This report explores the drivers of economic and social convergence in Europe, using a selected set of economic and social indicators to examine trends in the performance of individual Member States. It also investigates what role the Economic and Monetary Union plays in convergence, particularly in southern and eastern Member States. The impact of the COVID-19 pandemic on convergence is analysed and initial conclusions are drawn about the impact of EU recovery packages and their ability to prevent divergence.
The COVID-19 crisis has increased inequality between social groups in health, housing, employment, income and well-being. While a small part of society was able to hold on to or increase its wealth, other groups such as women, young people, older people, people with disabilities, low- and middle-income earners and those with young children were acutely affected by the pandemic. Drawing on current research on how to best measure multidimensional inequality, this report highlights recent trends in inequality in the context of the COVID-19 crisis.
In 2022, the European Semester was streamlined to integrate the Recovery and Resilience Facility (RRF) established on 19 February 2021 (Regulation (EU) 2021/241). While facing the geopolitical and economic challenges triggered by Russia’s invasion of Ukraine, Member States have been implementing the national Recovery and Resilience Plans (RRPs) for more than one year and around 100 billion euro in RRF funds have already been disbursed.
As economies emerge from the impact of the COVID-19 pandemic, labour shortages are becoming increasingly evident. These include shortages exacerbated by the crisis in some sectors and professions where they had been endemic for some time. This report will look at measures implemented at national level to tackle labour shortages in the health, care and information and communications technology sectors, as well as those arising from the twin digital and green transitions.
With the expansion of telework and different forms of hybrid work as a result of the COVID-19 pandemic, it is important for policymakers to consider both the opportunities and the negative consequences that may result. This report will explore potential scenarios for such work. In doing so, it will identify trends and drivers, and predict how they might interact to create particular outcomes and how they are likely to affect workers and businesses. Policy pointers will outline what could be done to facilitate desirable outcomes and to avoid undesirable ones.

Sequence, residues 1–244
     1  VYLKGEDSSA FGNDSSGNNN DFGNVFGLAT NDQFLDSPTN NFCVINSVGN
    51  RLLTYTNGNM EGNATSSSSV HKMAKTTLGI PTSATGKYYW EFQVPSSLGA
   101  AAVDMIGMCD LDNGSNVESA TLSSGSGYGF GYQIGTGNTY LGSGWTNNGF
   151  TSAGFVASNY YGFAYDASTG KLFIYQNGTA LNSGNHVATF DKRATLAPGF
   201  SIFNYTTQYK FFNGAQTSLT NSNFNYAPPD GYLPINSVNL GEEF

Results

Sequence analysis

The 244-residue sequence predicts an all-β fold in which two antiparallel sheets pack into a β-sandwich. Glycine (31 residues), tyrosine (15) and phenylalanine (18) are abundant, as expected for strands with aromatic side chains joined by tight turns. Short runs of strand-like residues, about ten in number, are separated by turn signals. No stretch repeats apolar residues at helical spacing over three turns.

The urban-rural divide in EU countries has grown in recent years, and the depopulation of certain rural areas in favour of cities is a challenge when it comes to promoting economic development and maintaining social cohesion and convergence. Using data from Eurofound and Eurostat, this report will investigate the trends and drivers of the urban-rural divide, in various dimensions: economic and employment opportunities, access to services, living conditions and quality of life.
Building on previous work by Eurofound, this report will investigate intergenerational dynamics over time. During the 2008 double-dip recession, worrying intergenerational divides appeared in many Member States, and while some of the economic and social impact of the COVID-19 pandemic is universal, early data suggests disparities across demographic cohorts. Eurofound will examine how different age groups may have been affected in terms of their health, labour market participation, quality of life and financial needs, both in the short term and in the long term.
Adequate, affordable housing has become a matter of great concern, with an alarming number of Europeans with low or lower household incomes unable to access any, especially in capital cities. Housing was a key factor in people’s experience of the COVID-19 pandemic: its quality and level of safety significantly affected how lockdowns and social distancing measures were experienced, with those who had no access to quality housing at higher risk of deteriorating living conditions and well-being.